One day we heard a helicopter circling near our hotel room in downtown Mexico City. It was the S.W.A.T. Team, our hotel had been robbed! I grabbed my camcorder, leaned out the window, and recorded a few minutes of the action. Then I got scared … these super-macho guys with automatic weapons on the the helicopter might mistake my camera for a gun!
Pretty exciting stuff ... I created a watermarked video and placed it on the same YouTube channel where I offer my Air Rage Video for sale.
This edit was done in 2012, nearly twenty years after I shot the original video. It's obviously an undisguised commercial advertisement. "Wanna' buy my video?"
Just forty-two seconds, yet it tells a story, illustrates the product for sale, and provides contact information. I've clearly claimed ownership, and the watermarks help to prevent unlicensed use of the material.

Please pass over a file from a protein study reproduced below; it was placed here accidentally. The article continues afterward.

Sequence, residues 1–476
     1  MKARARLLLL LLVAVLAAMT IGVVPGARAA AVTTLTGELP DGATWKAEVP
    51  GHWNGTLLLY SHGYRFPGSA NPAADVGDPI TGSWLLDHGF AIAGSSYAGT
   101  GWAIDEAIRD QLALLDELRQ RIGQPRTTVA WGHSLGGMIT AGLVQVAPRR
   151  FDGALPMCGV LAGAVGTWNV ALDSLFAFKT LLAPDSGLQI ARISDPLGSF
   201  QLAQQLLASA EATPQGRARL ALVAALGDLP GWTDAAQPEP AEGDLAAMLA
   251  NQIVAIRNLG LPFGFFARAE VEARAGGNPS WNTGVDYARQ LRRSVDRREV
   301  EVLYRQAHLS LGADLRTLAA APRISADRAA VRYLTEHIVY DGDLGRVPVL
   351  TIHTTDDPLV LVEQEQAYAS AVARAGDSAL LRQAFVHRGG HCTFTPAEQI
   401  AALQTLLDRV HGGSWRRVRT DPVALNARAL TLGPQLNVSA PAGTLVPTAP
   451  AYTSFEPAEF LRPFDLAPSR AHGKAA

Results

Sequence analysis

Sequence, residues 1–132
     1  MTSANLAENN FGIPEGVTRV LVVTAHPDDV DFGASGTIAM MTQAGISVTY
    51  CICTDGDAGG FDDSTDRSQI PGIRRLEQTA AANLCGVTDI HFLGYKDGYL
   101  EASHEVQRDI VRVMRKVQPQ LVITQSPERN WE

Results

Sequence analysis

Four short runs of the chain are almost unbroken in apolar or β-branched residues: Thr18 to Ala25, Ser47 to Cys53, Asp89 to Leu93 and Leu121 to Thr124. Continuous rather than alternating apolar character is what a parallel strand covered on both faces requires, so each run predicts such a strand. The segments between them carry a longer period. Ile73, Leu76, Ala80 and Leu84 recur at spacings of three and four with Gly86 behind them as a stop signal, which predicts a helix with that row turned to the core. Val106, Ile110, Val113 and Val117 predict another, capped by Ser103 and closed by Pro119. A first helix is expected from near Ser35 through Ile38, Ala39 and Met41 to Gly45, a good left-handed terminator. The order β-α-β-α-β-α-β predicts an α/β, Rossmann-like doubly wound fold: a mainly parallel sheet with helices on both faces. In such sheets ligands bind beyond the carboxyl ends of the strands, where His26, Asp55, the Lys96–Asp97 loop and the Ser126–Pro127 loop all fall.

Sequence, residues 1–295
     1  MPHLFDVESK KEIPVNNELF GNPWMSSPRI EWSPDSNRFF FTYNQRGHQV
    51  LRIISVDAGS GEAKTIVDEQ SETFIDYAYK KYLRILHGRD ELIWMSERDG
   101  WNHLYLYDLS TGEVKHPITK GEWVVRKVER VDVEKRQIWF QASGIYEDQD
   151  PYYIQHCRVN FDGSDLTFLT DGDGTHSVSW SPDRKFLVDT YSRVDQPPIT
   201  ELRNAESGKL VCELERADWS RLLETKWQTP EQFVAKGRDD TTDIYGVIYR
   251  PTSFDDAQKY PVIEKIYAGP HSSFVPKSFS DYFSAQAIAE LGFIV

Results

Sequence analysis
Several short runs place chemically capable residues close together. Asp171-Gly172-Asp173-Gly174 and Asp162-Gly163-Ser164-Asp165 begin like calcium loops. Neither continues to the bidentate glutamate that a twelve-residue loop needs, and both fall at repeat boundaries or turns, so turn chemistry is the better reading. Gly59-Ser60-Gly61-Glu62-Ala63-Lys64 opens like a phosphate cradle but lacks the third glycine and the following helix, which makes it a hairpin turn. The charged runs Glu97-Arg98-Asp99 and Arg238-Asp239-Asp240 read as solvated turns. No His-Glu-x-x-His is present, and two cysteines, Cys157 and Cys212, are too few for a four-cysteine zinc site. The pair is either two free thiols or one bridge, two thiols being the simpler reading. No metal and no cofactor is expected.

Like the previous Mexico City vacation video, the 8mm analog source tape was captured through a Firewire cable as DV. As a result, the up-rezzed material suffers the same bottom artifacting as the Mexico City vacation video in Editing Tricks for Amateur Vacation Video #139. Background music is a royalty-free track from SmartSound.
I like this little edited commercial. It's easy to watch, tells an interesting story, and fulfills its purposes.
Look what happens when I mix titles for the television series S.W.A.T. and clips from the movie Heat with my Mexico SWAT video:
This edit was done in 2012, nearly twenty years after I shot the original video.with the first release of Final Cut Pro X. Very impressed with the program's ability to mix media sources on the timeline.
I used straight cuts not fades. Timed the action to the S.W.A.T. theme song, and adjusted color and saturation levels using FCPX's built-in tools. The movie is coherent but non-sensical. Yet, my wife said it's better than a lot of stuff on television. I love this seamless edit, and would probably put this on my "Demo Reel".